Smoking and Vaping Regulations for Stand Alone Bars in Florida
When it comes to smoking and vaping, businesses need to be aware of the rules and communicate them clearly to their customers. Understanding the relevant laws and definitions in Florida is crucial for businesses to determine if smoking and vaping can be allowed on their premises. In this blog post, we will delve into the statutes and explore which businesses are exempt and which are not.
The Florida Clean Air Act
The Florida Clean Air Act prohibits smoking or vaping in all indoor workplaces, except for specific locations. Certain places identified by the law allow tobacco smoking or vaping, or both. By understanding the law’s definitions, businesses can effectively address smoking and vaping within their establishments. The list of locations in which smoking or vaping may be permitted includes a “stand-alone bar that complies with all applicable provisions of the [Florida] Beverage law.” By identifying what your business is according to the law’s definitions, you will be able to address smoking and vaping in your business.
Defining a Stand-Alone Bar
The Florida Statutes defines a “stand-alone bar” as licensed premises that is primarily dedicated to serving alcoholic beverages for on-premises consumption. The sale of food in such establishments should be merely incidental to the consumption of beverages. Additionally, a stand-alone bar should not share any common entryway or indoor area with other enclosed workplaces, where the sale of food or any other product or service generates significant revenue. To put it simply, for smoking and vaping to be allowed, the business must primarily focus on selling alcoholic beverages, be physically separate from other workplaces, and generate less than 10% of gross revenue from food sales.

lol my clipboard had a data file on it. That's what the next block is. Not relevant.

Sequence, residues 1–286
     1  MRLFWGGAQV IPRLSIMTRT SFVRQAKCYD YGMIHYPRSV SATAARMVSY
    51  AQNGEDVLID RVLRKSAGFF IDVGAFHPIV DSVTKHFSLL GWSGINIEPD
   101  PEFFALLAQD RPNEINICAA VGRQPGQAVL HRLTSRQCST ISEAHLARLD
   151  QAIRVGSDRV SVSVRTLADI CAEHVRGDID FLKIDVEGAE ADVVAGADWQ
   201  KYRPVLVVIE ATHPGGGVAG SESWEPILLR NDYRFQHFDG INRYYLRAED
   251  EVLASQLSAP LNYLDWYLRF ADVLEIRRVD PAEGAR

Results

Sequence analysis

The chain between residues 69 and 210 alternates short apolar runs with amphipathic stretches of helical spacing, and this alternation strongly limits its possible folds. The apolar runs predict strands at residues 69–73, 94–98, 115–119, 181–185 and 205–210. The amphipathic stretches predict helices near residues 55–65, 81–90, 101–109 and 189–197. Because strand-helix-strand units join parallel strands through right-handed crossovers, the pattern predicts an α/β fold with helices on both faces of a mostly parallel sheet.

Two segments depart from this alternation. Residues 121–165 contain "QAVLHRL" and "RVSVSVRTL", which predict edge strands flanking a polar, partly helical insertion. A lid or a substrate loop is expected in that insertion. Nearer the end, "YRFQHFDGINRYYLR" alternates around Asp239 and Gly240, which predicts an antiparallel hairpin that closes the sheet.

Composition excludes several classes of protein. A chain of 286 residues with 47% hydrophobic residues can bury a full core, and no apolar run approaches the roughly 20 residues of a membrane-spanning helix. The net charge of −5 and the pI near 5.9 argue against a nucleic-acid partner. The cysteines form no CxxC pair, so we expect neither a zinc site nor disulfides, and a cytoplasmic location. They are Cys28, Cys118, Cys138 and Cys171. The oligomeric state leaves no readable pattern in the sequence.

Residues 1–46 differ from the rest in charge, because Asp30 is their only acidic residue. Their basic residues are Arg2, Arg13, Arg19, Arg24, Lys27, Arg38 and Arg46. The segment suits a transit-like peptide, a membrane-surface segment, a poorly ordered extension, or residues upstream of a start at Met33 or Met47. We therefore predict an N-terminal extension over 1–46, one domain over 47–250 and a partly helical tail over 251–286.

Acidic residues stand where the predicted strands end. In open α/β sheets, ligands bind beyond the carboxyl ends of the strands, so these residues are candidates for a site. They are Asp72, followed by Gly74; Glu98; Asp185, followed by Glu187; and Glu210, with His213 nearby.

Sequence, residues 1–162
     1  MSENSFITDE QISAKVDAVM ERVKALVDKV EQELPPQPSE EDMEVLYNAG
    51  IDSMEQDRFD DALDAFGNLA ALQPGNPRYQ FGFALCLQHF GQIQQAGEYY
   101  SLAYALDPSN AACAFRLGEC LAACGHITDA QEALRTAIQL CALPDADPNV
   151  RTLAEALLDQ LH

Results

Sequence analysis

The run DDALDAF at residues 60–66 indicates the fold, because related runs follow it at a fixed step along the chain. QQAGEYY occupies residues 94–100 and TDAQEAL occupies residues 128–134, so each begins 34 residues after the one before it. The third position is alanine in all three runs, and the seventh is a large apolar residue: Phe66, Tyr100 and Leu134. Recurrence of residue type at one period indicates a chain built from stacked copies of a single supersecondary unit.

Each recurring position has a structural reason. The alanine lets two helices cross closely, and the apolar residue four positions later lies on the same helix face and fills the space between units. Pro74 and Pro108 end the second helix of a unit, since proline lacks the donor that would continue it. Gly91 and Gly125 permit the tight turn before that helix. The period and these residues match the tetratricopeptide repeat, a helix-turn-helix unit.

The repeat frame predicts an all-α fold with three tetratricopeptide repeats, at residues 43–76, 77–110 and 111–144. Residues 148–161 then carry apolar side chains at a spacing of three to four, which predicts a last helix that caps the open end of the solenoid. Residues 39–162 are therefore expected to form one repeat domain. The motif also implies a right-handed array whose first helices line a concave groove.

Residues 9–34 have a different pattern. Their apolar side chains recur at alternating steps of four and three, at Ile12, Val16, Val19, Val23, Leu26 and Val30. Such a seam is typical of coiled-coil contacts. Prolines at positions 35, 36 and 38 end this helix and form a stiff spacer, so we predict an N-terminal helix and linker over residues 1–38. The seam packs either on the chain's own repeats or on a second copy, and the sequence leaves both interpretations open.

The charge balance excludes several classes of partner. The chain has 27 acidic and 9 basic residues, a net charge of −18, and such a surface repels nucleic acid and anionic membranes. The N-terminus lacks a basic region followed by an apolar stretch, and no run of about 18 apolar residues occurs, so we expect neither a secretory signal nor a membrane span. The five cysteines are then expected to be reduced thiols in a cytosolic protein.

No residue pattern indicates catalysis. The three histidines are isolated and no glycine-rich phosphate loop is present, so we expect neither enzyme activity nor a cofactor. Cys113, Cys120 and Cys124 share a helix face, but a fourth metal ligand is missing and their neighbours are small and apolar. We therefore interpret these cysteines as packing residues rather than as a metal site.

Determining Predominant Dedication to Alcohol Sales
The determination of whether an establishment is predominantly dedicated to the serving of alcoholic beverages for on-premises consumption is made by the Florida Division of Alcoholic Beverages and Tobacco (ABT). The ABT compares the percentage of gross alcohol sales revenue from on-premises consumption with other revenue categories:
(a) Gross alcohol sales revenue from alcohol sold for consumption off the premises where the purchaser is required to enter.
(b) Gross alcohol sales revenue from alcohol sold for consumption off the premises where the purchaser is not required to enter.
(c) Gross revenue from any source not included in the alcohol categories above.
If the percentage of gross alcohol sales revenue from on-premises consumption is higher than that of each individual category, the establishment is considered predominantly dedicated to the serving of alcoholic beverages.
Qualifying stand-alone bars must file an annual affidavit with the Florida Division of Alcoholic Beverages and Tobacco (ABT), certifying that no more than 10% of total gross revenue in the preceding twelve months was derived from retail sales of food consumed on the licensed premises. The percentage of food sales is calculated by dividing gross revenues from on-premises food sales by the gross revenue of the licensed premises. In addition, stand-alone bars must maintain accurate records of all sales and purchases. This includes documenting purchases of food, gross retail sales of alcohol for on premises consumption, gross retail sales of alcohol for off premises consumption, gross retail sales of on premises food, gross retail sales of off premises food, and gross revenue from other sales.
To comply with smoking and vaping regulations in Florida, businesses must understand the definitions and provisions outlined in the Florida Clean Air Act. By determining whether they qualify as a stand-alone bar and adhering to the required record-keeping practices, businesses can ensure they are in compliance with the law. Clear communication with customers regarding smoking and vaping policies will contribute to a safer and healthier environment for all.
Because we’re attorneys: Disclaimer. Published 07/21/2023.